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The Nature of Ecological Stability: Integrating Theory from Modules to Whole Food Webs

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dc.contributor.advisor McCann, Kevin Gellner, Gabriel 2014-06-23T20:57:03Z 2014-06-23T20:57:03Z 2014-06 2014-06-20 2014-06-23
dc.description.abstract The dynamics of ecosystems include a bewildering number of weak to strong biotic interactions. Global human development has begun to erode this natural complexity making it important that we rapidly assess the structural aspects of food webs that are critical to the stable function of our life-support systems. Here, for the first time, employing simple and general arguments I outline a whole food web theory that yields an interaction strength result that is compatible in every way to theory that spans the entire ecological hierarchy (i.e., from populations to whole ecosystems). This general whole ecosystem result suggests that strong interactions in food webs are not “stabilizing” as has been suggested recently, but rather potent destabilizers of diversity. I then show how it is possible to characterize the models that generate the recent examples of stabilization through strong interactions and determine that this effect arises from three implausible assumptions on the structure of natural food webs. I end by determining how the general stability pattern found across food webs of all complexity can be understood from a stochastic perspective that unites different interpretations of ecological stability into a duality of dynamic responses to increasing interactions strength. This theory, therefore, suggests that nature’s weak interactions are the glue that binds ecosystems together and maintains biodiversity. en_US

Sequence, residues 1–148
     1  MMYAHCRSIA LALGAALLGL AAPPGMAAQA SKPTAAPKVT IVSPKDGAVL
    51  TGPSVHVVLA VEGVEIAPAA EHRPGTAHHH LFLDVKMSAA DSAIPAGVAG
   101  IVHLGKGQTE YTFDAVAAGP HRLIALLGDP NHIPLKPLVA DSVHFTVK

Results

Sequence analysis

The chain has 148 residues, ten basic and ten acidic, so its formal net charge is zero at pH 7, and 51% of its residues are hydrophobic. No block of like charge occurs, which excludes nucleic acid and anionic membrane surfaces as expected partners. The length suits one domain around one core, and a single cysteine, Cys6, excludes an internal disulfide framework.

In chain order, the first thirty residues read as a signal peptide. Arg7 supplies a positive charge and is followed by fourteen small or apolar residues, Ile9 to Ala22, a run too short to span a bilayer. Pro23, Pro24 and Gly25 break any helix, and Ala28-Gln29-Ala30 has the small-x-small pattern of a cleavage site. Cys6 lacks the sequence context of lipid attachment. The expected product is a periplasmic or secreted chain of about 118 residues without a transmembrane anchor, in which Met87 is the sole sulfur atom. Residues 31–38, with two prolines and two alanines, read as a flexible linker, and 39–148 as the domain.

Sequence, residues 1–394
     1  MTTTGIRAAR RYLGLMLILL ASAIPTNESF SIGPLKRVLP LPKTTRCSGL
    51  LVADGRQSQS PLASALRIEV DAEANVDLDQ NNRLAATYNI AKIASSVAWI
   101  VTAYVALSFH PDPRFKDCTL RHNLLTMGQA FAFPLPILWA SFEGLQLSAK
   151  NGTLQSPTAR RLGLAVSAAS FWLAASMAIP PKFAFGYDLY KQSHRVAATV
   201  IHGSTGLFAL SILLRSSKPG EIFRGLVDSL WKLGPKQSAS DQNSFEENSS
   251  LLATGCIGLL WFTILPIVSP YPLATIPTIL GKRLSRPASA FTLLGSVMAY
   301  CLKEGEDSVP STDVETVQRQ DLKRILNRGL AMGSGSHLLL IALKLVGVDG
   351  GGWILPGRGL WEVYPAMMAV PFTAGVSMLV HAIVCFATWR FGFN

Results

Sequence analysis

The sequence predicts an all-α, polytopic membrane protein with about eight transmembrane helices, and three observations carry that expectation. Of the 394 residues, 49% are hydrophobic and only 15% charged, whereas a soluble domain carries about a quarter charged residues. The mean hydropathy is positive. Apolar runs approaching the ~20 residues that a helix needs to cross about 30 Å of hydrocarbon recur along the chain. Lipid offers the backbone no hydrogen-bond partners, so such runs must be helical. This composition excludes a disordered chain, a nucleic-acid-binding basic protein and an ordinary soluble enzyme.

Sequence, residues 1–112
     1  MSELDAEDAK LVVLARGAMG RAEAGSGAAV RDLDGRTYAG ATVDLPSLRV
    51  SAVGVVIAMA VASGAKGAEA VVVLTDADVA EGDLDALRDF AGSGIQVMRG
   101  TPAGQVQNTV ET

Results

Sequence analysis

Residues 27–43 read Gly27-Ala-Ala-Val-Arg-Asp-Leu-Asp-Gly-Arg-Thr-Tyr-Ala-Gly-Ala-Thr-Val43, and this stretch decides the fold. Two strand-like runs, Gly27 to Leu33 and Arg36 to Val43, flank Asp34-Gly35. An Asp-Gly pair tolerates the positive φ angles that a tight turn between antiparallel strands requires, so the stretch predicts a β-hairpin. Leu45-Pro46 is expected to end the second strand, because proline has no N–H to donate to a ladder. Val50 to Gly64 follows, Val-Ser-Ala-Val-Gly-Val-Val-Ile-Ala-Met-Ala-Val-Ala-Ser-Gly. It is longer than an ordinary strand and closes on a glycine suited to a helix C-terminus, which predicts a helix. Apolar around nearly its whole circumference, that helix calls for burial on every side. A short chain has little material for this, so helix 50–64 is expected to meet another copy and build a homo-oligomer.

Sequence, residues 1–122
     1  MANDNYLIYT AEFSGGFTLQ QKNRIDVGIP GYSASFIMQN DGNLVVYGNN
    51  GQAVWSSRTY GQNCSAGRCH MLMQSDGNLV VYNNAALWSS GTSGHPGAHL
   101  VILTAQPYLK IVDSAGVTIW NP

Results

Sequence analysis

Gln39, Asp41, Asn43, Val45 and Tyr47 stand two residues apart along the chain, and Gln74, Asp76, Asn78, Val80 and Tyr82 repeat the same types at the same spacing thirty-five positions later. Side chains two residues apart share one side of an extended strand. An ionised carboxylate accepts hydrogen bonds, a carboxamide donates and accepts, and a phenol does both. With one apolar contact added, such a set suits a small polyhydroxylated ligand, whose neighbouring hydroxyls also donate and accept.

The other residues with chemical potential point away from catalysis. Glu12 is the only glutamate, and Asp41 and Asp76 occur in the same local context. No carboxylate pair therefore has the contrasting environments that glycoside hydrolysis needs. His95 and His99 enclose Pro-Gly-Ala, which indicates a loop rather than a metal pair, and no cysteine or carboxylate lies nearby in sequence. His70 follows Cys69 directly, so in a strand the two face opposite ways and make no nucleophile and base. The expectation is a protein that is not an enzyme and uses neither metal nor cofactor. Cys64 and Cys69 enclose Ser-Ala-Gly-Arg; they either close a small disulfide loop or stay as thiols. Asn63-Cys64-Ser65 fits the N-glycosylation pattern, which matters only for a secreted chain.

dc.language.iso en en_US
dc.subject Food Webs en_US
dc.title The Nature of Ecological Stability: Integrating Theory from Modules to Whole Food Webs en_US
dc.type Thesis en_US Integrative Biology en_US Doctor of Philosophy en_US Department of Integrative Biology en_US
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